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UK49s

UK49s is one of the most frequently played games in the UK and allows players to set their own bet amount and choose how many numbers to play. There are two draws every day – a lunchtime draw and a teatime draw – and five different ways to win. Learn more about UK49s on this page, including how to bet from South Africa and upcoming predictions.

UK49s Lunchtime Results UK49s Teatime Results

UK49s Predictions for the next draw

Predictions icon

Take a look at the predicted numbers for the next UK49s draw, based on statistical analysis and formula from ZA.National-Lottery.com:

Lunchtime Prediction

  • 17
  • 19
  • 26
  • 27
  • 39
  • 47

Teatime Prediction

  • 5
  • 6
  • 31
  • 34
  • 35
  • 37

Please note: these predictions are not guaranteed to win you a prize in any lottery draw. The numbers are the result of statistical analysis based on previous results.

Pick 3 Top Prize - 20:00 draw
$500

    How does UK49s Work?

    UK49s is a draw-based lottery in which you have to pick between one and five numbers from a pool of 49 and match them with the numbers randomly selected in the draw. The more numbers you match, the more you win, and your prize amount is also determined by how much you bet.

    Six standard numbers are selected in every draw, followed by a Booster Ball. You can choose to enter a six-number draw (excluding the Booster Ball) or a seven-number draw (including the Booster Ball). The extra number means that the seven-number draw is easier to win, so the odds of winning are better and the prizes smaller than those in the six-number draw.

    How to Play UK49s from South Africa

    As is the case in the UK, the only way to enter the 49s game is by placing a bet. It isn't possible to play through a National Lottery operator.

    The entry methods via different betting websites may vary, however the general rules for playing are as follows:

    UK49s Prizes: What You Can Win

    There are no fixed prizes in either of the UK49s draws; a 'pure odds' system is used instead, which pays you out based on the odds set by the bookmaker.

    To calculate how much you have won, you need to multiply your bet amount by the odds of winning. Bookmakers can set their own odds, so they may vary depending on where you play, but you can find approximate odds of winning and example prize amounts in the table below:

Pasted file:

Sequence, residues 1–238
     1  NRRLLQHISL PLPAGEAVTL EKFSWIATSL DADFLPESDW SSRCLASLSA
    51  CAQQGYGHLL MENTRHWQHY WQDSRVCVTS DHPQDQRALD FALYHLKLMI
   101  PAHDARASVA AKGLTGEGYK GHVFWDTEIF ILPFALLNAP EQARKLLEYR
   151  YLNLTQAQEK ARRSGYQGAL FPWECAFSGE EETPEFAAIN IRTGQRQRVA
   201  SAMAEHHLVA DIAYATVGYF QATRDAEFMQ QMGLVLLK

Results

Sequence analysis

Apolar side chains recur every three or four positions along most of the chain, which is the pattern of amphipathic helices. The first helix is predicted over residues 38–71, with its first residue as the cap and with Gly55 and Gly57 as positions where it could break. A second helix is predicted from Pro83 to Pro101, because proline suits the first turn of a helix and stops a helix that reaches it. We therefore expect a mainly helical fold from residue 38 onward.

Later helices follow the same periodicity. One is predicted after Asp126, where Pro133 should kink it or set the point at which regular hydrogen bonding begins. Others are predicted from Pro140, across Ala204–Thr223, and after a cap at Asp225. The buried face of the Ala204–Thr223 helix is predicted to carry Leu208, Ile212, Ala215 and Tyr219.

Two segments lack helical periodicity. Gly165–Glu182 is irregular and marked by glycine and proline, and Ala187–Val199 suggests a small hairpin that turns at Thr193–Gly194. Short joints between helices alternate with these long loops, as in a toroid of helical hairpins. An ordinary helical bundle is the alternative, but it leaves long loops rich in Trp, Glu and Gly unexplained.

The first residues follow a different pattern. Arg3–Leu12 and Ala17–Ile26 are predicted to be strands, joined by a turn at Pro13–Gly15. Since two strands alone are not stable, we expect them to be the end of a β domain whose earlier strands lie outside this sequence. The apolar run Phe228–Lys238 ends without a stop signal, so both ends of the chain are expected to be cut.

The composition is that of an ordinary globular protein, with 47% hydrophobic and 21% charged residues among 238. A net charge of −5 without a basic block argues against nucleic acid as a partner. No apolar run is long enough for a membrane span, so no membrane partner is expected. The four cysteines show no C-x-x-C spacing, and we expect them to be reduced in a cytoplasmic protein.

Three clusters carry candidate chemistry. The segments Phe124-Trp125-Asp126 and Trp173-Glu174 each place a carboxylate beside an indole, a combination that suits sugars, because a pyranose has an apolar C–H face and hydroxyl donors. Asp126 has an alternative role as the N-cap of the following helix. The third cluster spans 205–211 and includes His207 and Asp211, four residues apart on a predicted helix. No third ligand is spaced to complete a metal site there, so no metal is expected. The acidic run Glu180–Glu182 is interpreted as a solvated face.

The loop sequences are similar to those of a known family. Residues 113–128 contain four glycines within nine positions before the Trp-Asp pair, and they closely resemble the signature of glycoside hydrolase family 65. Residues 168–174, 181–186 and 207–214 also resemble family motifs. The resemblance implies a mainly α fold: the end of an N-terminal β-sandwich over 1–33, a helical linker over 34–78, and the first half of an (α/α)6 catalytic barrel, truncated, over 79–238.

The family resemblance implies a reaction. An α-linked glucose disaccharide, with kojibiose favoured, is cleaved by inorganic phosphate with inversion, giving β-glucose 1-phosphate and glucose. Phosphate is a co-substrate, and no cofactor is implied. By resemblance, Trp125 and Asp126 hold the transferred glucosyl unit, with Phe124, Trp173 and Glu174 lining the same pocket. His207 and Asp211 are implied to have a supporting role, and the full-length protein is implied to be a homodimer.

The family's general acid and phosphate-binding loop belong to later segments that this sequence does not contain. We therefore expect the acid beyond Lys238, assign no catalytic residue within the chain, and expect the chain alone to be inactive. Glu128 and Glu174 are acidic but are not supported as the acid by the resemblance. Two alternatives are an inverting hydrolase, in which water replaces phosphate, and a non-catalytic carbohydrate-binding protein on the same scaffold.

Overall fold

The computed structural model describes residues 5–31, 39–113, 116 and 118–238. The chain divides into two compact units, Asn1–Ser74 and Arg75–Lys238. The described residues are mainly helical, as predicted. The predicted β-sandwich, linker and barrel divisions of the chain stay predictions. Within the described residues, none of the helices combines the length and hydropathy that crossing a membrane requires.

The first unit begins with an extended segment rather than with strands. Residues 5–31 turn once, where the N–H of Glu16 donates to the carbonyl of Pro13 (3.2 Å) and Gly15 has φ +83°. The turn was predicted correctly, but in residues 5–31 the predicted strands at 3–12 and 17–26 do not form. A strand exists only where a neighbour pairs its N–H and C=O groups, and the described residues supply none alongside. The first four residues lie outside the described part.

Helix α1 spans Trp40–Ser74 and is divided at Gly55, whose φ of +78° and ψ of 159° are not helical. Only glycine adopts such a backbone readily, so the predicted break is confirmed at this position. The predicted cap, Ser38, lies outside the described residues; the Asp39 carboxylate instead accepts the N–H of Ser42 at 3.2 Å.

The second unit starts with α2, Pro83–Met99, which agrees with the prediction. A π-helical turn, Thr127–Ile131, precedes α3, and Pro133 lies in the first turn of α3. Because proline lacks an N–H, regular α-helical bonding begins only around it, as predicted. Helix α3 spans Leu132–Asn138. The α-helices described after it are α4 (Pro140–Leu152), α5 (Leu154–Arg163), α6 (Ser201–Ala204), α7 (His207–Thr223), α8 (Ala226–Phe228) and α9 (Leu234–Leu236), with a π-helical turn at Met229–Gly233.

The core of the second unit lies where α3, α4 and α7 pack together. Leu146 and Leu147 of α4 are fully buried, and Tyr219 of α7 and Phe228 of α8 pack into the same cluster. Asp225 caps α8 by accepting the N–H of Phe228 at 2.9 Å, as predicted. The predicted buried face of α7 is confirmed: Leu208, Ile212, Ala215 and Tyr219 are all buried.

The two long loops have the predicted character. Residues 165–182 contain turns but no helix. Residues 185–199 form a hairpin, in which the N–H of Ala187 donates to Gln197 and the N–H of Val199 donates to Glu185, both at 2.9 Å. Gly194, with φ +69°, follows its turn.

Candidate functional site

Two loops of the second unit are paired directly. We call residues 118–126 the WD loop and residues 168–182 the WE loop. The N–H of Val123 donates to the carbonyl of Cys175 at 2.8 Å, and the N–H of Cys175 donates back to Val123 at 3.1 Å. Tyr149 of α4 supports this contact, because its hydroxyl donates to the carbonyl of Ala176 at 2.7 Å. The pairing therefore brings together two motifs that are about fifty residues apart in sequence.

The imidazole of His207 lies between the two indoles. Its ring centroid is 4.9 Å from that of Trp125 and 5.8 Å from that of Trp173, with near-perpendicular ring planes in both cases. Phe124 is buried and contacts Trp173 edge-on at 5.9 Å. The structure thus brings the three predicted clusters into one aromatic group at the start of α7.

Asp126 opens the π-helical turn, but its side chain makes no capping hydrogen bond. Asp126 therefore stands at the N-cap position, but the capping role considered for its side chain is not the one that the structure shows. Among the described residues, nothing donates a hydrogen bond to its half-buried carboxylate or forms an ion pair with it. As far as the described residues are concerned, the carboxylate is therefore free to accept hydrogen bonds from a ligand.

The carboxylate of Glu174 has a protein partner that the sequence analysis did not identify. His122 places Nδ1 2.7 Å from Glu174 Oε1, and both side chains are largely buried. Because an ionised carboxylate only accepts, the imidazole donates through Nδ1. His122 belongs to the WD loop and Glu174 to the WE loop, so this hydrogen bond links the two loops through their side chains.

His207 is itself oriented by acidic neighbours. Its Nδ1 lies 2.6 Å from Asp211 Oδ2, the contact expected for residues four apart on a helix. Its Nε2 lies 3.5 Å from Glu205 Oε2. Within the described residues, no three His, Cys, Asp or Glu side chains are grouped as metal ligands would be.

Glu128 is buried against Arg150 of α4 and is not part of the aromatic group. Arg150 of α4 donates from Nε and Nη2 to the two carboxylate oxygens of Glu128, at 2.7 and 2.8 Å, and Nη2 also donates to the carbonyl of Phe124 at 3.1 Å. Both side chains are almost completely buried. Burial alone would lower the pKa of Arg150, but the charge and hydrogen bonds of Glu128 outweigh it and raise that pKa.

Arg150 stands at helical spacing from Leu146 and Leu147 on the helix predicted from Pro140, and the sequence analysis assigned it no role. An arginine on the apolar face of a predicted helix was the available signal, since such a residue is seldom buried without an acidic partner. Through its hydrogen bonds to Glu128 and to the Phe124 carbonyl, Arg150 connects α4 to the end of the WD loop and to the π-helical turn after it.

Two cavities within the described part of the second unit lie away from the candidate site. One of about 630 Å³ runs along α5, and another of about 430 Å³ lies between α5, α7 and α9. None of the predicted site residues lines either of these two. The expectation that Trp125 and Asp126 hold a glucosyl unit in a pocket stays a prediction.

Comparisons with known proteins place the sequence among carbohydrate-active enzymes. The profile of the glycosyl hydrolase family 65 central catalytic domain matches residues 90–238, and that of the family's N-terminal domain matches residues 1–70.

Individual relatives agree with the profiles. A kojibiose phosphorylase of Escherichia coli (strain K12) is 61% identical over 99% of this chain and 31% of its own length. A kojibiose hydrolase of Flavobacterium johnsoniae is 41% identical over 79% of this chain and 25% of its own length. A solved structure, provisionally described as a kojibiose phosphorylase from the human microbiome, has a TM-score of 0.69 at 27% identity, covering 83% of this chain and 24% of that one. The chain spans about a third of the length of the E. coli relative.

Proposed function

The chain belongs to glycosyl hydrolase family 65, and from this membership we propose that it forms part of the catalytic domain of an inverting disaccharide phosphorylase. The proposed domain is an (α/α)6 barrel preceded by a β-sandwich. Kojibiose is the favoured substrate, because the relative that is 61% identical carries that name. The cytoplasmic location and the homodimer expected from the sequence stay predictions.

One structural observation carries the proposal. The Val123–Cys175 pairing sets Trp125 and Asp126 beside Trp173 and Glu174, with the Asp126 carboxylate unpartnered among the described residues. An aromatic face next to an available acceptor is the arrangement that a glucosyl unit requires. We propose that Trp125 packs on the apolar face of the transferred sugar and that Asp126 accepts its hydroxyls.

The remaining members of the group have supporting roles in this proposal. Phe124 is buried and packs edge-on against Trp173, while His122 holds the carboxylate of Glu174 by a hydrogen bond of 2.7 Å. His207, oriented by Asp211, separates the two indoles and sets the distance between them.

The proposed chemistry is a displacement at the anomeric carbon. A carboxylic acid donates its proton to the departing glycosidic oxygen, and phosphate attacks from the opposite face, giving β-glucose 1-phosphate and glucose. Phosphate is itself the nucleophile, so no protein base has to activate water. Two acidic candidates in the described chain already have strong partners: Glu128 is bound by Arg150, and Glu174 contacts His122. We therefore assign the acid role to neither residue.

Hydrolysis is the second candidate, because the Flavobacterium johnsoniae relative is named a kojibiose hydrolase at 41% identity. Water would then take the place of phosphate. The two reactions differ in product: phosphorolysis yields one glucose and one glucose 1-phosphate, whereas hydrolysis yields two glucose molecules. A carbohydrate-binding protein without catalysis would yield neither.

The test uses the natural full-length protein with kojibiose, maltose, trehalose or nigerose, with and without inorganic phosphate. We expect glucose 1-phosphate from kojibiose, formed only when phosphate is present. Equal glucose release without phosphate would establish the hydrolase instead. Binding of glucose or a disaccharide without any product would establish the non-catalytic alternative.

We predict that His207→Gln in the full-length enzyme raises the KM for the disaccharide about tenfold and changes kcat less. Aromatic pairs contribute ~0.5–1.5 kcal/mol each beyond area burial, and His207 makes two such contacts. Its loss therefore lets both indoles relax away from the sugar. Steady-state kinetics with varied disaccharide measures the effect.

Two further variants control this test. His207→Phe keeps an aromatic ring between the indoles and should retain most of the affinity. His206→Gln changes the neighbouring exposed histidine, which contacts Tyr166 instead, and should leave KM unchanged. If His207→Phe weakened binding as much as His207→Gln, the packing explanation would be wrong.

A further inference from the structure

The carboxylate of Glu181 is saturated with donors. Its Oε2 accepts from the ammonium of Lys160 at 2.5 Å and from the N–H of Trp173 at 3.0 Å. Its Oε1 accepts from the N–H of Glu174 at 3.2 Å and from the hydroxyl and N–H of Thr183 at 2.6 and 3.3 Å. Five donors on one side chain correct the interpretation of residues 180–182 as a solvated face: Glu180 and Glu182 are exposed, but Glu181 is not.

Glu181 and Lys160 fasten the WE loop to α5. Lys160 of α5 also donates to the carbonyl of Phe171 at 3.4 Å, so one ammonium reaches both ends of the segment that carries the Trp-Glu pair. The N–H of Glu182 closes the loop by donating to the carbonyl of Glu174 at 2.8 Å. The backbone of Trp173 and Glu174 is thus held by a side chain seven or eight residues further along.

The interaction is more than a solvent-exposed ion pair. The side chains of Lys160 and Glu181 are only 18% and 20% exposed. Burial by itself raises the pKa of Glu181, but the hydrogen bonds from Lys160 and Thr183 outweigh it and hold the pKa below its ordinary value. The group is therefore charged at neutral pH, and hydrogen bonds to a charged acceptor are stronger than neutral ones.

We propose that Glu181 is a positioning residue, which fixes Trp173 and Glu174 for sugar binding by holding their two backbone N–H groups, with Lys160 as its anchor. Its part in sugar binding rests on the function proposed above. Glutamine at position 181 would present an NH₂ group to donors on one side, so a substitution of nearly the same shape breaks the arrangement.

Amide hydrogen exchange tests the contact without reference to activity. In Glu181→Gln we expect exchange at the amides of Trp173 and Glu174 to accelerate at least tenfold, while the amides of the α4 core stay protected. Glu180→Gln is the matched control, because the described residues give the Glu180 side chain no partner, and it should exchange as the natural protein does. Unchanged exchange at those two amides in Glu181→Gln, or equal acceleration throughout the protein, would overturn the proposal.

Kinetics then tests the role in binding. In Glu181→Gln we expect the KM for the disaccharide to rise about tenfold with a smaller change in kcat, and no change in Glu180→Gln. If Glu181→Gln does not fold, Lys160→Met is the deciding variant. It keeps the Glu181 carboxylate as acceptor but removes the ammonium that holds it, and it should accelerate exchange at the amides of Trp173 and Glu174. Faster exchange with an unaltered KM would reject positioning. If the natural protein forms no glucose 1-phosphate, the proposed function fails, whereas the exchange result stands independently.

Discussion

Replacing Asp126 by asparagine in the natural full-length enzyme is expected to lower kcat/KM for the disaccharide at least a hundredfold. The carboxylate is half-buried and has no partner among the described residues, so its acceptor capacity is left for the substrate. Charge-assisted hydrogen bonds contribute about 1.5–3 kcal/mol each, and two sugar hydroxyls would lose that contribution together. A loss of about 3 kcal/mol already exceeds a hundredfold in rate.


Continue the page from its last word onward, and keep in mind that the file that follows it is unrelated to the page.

Division Numbers Picked Example Odds
    (6-Number Draw)
    Prize (R10 Wager) Example Odds
    (7-Number Draw)
    Prize (R10 Wager)
    1 5 150,000/1 R1,500,000 50,000/1 R500,000
    2 4 8,000/1 R80,000 4,500/1 R45,000
    3 3 650/1 R6,500 328/1 R3,280
    4 2 66/1 R660 45/1 R450
    5 1 6/1 R60 5/1 R50

    Betting shops set their own minimum and maximum bets, so you should check the odds and possible bet amounts before you choose your numbers.

    Frequently Asked Questions

    UK49s is different to traditional lotteries in many ways, so if you're unfamiliar with the game and want to know even more about it, check the answers to the most frequently asked questions about the game.

    Can I play UK49s in South Africa?

    Betting is available from different bookmakers around the world, including South Africa.

    If you're looking for alternative games that you can also play online from South Africa, try Pick 3. That too is played twice a day and lets you decide how to bet.

    How much does it cost to play?

    There is no fixed cost – you get to decide how much to bet. Individual bookmakers set their own minimum and maximum bets, but you can bet any amount within those limits.

    What's the difference between six-number and seven-number draws?

    If you play a six-number draw, you can match any of your chosen numbers with the first six numbers drawn. It does not count, however, if you match one of your numbers with the Booster Ball. In a seven-number draw, you can use the Booster Ball as one of your matches, so it is easier to win.

    When do UK49s draws take place?

    The lunchtime draw takes place at 13:49 SAST and the teatime draw takes place at 18:49 SAST. However, the UK observes Daylight Saving Time, so the results may be confirmed an hour later at certain times of the year.